The United Nations Health agency, the World Health Organisation (WHO) suggested India in 2009 to consider a ban on Monocrotophos, the pesticide blamed for the poisoning of mid day meal in Bihar on 16 July 2013.
The pesticide that killed 23 schoolchildren in Bihar's Chhapra district was banned in many countries as per the directions from the WHO, because of its high acute toxicity. However in India, Monocrotophos is widely used and easily available pesticide.
WHO had also warned that in India, against strong International health warnings, many pesticide containers are not thrown away after use but recycled and used for storing water, food and other consumables.
• In Bihar's case, the children fell ill within minutes of eating their mid-day meal in their one-room primary school.
• They started vomiting and convulsing with stomach pains - symptoms that experts say would be common in poisoning with such a toxic chemical.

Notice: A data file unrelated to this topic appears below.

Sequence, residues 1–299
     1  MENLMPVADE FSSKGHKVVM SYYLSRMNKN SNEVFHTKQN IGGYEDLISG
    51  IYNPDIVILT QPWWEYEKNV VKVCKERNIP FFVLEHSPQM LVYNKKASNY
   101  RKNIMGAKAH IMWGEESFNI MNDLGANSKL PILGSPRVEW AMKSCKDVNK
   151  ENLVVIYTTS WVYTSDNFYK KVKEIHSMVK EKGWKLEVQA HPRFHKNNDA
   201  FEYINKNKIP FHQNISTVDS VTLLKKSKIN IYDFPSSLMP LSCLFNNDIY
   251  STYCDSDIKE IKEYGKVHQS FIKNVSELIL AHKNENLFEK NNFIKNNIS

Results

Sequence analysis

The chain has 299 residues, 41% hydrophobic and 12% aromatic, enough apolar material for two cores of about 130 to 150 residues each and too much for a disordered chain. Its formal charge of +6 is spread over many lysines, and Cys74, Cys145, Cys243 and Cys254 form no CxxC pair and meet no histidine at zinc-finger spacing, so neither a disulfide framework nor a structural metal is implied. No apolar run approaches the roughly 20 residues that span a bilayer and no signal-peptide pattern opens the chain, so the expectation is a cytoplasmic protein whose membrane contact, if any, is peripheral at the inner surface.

• Forensic investigation found the meal had been prepared with cooking oil that contained Monocrotophos.
According to WHO, swallowing just 120 milligrams of Monocrotophos can be fatal to humans. Initial symptoms of taking chemical are sweating, vomiting, blurred vision and foaming at the mouth.
• Monocrotophos – a substance that belongs to a family of chemicals called organophosphates that share a common mechanism of toxic action.
• Monocrotophos affects the central nervous system by inhibiting cholinesterase, an enzyme essential for normal nerve impulse transmission.
The countries and regions that have banned monocrotophos use include Australia, Cambodia, China, the European Union, Indonesia, Laos, Philippines, Sri Lanka, Thailand, Vietnam and the US. Importing Monocrotophos is illegal in 46 countries.